All European countries generate and utilize geospatial data, but each country has its own specific way of doing so. What does this mean? Imagine Europe as a giant puzzle. This giant puzzle is split into sections (following the borders of countries) where each piece in that section represents data about the country’s land, rivers, cities, and more. Until now, every country has been putting together its puzzle in its own way. This made it hard for everyone to work together, especially when trying to solve big problems that cross borders, like climate change, natural disasters, continental infrastructure etc.

How INSPIRE (The Infrastructure for Spatial Data Information) was born

The European Union decided it was time for a change. Starting on May 15, 2007, they began creating a special digital library that allows all these different puzzle pieces to fit together perfectly. In more technical terms, they began developing the digital infrastructure of spatial data, enabling the sharing of spatial information among various organizational and interinstitutional sectors. This project, called INSPIRE, helps different countries’ maps and data “talk” to each other in a common language, making it easier for anyone in Europe to access and use this information, especially for the development of cross-border policies.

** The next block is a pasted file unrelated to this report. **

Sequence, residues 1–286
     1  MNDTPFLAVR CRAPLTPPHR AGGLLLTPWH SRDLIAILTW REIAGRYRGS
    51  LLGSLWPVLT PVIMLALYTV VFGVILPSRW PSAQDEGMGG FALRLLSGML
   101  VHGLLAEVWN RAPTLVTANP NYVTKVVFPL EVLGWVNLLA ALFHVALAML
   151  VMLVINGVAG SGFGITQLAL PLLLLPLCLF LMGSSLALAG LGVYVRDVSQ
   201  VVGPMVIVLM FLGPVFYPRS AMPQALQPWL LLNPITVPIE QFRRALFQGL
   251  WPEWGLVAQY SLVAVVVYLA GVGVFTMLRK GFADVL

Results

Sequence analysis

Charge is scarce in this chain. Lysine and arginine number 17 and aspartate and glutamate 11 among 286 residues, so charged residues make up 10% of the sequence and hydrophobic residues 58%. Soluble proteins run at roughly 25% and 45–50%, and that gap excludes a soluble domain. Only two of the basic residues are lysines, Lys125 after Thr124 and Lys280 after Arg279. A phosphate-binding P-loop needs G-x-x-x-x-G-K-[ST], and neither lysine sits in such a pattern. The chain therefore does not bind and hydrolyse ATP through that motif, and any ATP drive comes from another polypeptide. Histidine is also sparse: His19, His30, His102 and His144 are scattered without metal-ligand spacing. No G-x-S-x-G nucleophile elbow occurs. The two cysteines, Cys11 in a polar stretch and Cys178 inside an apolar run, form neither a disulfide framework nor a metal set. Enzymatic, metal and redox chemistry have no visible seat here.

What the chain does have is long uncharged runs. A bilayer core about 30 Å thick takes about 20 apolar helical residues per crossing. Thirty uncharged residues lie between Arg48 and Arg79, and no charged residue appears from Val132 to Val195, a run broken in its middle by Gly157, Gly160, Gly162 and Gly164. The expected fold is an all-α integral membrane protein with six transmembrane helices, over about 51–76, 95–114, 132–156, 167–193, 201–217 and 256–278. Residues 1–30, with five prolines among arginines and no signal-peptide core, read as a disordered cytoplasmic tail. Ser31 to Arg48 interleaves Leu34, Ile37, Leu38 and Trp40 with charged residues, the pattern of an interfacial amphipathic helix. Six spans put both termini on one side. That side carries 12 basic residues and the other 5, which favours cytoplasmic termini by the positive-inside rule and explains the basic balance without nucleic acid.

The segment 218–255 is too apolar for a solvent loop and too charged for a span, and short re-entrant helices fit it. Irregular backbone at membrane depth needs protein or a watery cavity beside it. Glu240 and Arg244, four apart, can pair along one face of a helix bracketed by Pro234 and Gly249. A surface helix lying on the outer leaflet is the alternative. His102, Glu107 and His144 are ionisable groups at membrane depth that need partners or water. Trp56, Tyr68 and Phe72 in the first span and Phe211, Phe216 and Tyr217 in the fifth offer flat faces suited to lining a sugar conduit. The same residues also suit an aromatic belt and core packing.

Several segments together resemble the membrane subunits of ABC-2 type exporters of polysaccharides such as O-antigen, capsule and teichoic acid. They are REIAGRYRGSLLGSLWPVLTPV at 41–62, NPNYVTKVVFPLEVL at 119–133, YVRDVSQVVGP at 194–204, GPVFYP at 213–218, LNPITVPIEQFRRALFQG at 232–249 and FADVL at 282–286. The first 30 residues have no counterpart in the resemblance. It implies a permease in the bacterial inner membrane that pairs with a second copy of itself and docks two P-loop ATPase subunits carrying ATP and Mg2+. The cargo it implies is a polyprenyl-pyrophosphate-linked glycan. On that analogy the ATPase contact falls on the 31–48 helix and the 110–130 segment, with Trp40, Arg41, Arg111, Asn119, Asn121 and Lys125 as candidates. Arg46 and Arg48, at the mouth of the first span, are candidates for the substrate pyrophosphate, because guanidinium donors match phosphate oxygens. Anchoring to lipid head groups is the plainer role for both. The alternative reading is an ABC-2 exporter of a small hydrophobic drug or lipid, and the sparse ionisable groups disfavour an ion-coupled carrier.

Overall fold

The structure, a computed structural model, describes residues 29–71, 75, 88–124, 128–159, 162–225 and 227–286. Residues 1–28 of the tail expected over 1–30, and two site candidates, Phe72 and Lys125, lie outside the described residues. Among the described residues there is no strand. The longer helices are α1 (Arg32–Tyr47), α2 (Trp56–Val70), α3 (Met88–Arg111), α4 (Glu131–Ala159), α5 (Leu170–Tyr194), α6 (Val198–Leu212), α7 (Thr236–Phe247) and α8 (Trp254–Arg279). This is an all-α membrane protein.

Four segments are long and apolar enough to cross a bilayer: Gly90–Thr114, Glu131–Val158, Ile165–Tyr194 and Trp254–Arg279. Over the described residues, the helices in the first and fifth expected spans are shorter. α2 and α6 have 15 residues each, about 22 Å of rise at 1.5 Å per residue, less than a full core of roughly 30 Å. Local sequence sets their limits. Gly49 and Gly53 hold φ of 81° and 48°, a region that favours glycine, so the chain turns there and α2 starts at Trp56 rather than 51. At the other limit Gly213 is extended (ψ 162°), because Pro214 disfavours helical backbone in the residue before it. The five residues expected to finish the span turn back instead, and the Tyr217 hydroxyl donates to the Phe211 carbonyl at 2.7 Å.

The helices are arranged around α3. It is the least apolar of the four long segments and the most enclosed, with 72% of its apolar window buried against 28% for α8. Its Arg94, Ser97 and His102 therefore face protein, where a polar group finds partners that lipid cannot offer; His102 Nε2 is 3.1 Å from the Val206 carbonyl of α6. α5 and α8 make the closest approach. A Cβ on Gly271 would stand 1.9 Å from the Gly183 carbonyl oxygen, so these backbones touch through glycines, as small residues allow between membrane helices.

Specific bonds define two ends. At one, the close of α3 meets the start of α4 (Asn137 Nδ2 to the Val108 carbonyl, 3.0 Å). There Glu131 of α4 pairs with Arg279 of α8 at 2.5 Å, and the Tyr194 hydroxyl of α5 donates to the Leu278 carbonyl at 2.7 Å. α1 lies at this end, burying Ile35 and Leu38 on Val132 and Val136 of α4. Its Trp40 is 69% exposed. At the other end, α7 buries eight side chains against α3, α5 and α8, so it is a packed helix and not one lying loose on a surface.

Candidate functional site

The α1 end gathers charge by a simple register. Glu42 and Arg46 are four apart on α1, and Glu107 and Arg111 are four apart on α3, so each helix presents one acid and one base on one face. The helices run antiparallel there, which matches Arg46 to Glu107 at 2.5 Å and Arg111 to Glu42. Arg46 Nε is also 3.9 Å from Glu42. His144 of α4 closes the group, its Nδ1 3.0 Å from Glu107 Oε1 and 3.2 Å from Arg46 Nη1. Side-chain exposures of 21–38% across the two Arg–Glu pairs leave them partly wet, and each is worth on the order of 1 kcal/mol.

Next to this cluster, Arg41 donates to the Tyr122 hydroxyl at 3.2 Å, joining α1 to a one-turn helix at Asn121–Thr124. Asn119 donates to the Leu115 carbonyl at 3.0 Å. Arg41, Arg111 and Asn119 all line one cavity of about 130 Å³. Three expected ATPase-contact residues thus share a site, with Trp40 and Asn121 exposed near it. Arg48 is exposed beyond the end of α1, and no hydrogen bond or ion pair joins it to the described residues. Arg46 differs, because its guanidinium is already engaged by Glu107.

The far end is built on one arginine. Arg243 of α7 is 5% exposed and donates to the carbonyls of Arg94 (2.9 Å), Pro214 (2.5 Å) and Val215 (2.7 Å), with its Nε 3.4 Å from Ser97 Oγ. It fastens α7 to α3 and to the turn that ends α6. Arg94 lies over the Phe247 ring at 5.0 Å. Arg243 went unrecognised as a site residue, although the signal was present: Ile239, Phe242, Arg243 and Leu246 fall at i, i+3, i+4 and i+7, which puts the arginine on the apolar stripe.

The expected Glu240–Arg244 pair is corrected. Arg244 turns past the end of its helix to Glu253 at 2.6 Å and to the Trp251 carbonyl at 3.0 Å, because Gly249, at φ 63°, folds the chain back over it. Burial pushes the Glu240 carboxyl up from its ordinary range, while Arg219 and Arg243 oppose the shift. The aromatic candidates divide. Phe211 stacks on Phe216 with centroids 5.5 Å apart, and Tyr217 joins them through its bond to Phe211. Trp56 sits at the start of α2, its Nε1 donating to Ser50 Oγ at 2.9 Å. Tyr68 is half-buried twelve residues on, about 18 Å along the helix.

INSPIRE is like a huge, online map room, organized and run by the countries of the EU. It sorts all this map data into into 34 thematic datasets relevant to the environment.

The purpose of the INSPIRE Directive is to make finding, sharing, and using all this map data from different countries a breeze. It’s all available through a special website, where you can mix and match data from different countries to help solve problems that affect us all.

For more about this, you can check out their website here: https://knowledge-base.inspire.ec.europa.eu/index_en.

INSPIRE themes, the 34 thematic datasets

The INSPIRE Directive has identified 34 key themes of spatial data, organized into three annexes (Annex I, II, and III), that are essential for building a comprehensive environmental information system. These themes cover a wide range of geographic and environmental data, from basic location information such as addresses and administrative units, to detailed environmental and socio-economic datasets. This structured approach ensures that data across Europe can be harmonized and made interoperable, making effective environmental policy-making and cross-border cooperation much easier.

Author

Florin Iosub is Team Lead and GIS Solutions Architect at Essensys Software, member of geo-spatial.org board, the Romanian Local Chapter of OSGeo and OSGeo charter member. With over 15 years of professional experience in the GIS field gained as a result of participating in the implementation of numerous projects, he is very well acquainted with the best practice and state-of-the-art of GIS technologies in all related fields. At the same time, he is very determined in spreading the FOSS4G values and principles and involved in various volunteering initiatives.